Sony to stop providing 3D specs

So in addition to the uber-high prices to see a film in 3D nowadays, not to mention the stupid high cost to see one in a regular format, the almighty Sony has chosen to stop providing movie-goers with 3D glasses. “What does this mean?”, you ask.  It means, my friends, that we have to purchaser our own specs to see any films in that oh so wonderful three-dimensional look that movies come in nowadays.  Yeah, but our own. NATO had some choice words for Sony, defending consumers, about the this development.

NATO (National Association of Theater Owners):

(Washington, D.C. And North Hollywood, CA – September 28, 2011) “Recent press reports indicate that Sony has decided to stop providing 3D glasses to consumers and wants moviegoers to buy their own glasses. NATO believes Sony’s suggestion is insensitive to our patrons, particularly in the midst of continuing economic distress. Sony’s actions raise serious concerns for our members who believe that provision of 3D glasses to patrons is well established as part of the 3D experience.

While each exhibition company must make its own decision as to how to handle its business arrangements and how to respond to this development, we are concerned that Sony’s attempt to change this business model would unilaterally upend long-standing industry practices. Since the onset of the digital 3D revolution in 2005 it has been understood that exhibitors would bear the weight of technological and facility modification costs related to 3D, while distribution took on the cost of 3D glasses. Any changes to that understanding must be undertaken through the mutual agreement of both sides of the business. The recent uproar over four studios’ unilateral decision to radically shorten the theatrical release window for their failed DirecTV premium VOD experiment vividly illustrates the downside of movie studios announcing fundamental changes to business models without negotiating with their exhibition partners first.

Sony would be well advised to revisit its decision.”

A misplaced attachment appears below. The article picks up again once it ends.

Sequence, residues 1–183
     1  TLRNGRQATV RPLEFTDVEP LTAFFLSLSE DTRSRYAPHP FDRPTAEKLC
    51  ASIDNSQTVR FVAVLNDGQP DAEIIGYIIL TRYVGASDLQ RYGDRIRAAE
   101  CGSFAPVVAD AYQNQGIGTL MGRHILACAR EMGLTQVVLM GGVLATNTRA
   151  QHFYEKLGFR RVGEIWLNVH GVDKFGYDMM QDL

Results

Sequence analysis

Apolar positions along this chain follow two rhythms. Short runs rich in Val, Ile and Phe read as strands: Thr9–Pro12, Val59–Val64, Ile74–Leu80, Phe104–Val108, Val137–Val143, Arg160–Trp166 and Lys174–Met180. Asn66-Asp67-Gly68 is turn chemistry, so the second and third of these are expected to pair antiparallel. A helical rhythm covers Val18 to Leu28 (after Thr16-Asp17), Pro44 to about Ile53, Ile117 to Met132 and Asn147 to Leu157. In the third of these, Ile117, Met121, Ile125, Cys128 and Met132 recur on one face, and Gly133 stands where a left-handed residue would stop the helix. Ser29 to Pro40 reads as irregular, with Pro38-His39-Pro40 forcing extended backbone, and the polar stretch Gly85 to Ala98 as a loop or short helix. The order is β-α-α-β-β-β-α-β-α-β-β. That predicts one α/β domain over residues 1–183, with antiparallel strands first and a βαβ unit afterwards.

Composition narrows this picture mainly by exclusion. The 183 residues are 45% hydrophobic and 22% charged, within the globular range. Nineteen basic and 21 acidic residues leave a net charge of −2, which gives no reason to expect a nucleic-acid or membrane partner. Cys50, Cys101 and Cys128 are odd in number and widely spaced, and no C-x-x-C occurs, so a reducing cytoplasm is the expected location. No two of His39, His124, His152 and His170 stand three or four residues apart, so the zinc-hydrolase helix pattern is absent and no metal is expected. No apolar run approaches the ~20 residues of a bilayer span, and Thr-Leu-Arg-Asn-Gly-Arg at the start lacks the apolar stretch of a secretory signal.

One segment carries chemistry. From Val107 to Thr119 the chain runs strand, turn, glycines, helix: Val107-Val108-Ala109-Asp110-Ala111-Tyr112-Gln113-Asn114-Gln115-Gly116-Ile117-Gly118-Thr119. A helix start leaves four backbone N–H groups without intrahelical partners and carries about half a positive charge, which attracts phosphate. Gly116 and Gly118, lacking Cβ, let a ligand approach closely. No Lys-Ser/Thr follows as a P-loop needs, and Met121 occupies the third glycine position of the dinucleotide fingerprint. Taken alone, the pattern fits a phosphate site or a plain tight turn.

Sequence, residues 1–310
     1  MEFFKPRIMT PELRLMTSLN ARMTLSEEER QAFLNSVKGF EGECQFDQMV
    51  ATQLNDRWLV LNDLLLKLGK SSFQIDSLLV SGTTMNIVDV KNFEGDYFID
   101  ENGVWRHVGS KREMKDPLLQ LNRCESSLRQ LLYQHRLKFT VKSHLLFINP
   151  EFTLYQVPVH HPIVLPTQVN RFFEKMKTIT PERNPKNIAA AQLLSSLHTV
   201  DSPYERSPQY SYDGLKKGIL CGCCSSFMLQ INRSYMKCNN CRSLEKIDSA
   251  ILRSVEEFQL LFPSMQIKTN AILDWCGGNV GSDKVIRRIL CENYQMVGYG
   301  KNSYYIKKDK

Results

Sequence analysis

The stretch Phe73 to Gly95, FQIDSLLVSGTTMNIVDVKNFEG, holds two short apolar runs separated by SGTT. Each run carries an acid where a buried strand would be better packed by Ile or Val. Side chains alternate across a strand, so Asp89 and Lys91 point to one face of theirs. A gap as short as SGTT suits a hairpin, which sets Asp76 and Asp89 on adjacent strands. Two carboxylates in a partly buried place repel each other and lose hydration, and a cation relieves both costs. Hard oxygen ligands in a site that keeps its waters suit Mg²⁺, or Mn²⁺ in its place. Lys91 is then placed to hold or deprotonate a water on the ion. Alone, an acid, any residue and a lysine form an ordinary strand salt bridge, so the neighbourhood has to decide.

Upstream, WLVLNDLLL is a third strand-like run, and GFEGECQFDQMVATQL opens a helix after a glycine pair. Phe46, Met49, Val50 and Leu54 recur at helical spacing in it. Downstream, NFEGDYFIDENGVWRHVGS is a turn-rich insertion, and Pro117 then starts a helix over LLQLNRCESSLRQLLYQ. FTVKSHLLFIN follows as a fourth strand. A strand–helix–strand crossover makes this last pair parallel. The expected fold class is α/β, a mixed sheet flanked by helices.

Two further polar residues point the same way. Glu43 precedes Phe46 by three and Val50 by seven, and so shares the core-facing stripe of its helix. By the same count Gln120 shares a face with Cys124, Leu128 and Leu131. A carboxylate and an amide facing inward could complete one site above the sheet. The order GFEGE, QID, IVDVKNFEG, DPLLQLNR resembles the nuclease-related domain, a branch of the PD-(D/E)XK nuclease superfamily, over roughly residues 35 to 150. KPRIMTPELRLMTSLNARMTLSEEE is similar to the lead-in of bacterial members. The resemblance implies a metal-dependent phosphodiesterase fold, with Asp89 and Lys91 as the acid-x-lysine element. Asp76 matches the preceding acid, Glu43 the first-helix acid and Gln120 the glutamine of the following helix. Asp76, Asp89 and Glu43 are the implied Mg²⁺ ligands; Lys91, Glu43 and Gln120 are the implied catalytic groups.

Sony chose to strike back with some words of their own, pretty much insisting that is very possible for us to dish out more moolah for some glasses.


“There are constructive ways to deal with the cost of 3D glasses that will not adversely impact consumers, and can also help the environment.

NATO’s statement that it has been “understood” that distributors would always bear the cost of 3D glasses is incorrect, because there never has been any such agreement. In fact, we have been speaking with people in the industry for a long time about the need to move to a new model, so this certainly comes as a surprise to no one in the business.

We invite theater owners to engage in a collegial dialogue with us about this issue, including at ShowEast next month. By working together on a business-to-business basis, we are confident a reasonable solution can be reached that brings benefits to consumers, the entertainment industry and the environment.”

So the choice is up to you.  Buy them or not buy them? What do you think?  Please provide you feedback on this debate. I think dates are expensive enough without adding the fact that if your date wants to see a 3D movie, you can’t take her if you don’t own a pair, no two pairs, of glasses.  Sorry hun, after that, I guess we won’t be eating.

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Sean Guard

Sean Guard

In high school, Sean wanted to punch the subject of English right in its face. By far his best class, he hated doing research and writing papers. Ten + years later, he is an aspiring writer. It would seem that career goal of leading the New York Knicks to an NBA championship didn’t quite pan out. He started writing film reviews just over a year ago and became a movie buff even further back than that. He’s dabbled in fiction, poetry and random articles filled with nothingness on his way to hopefully one day becoming a published author. Hopes high, right now he’s over there sitting in the corner with his fingers crossed. Visit his blog -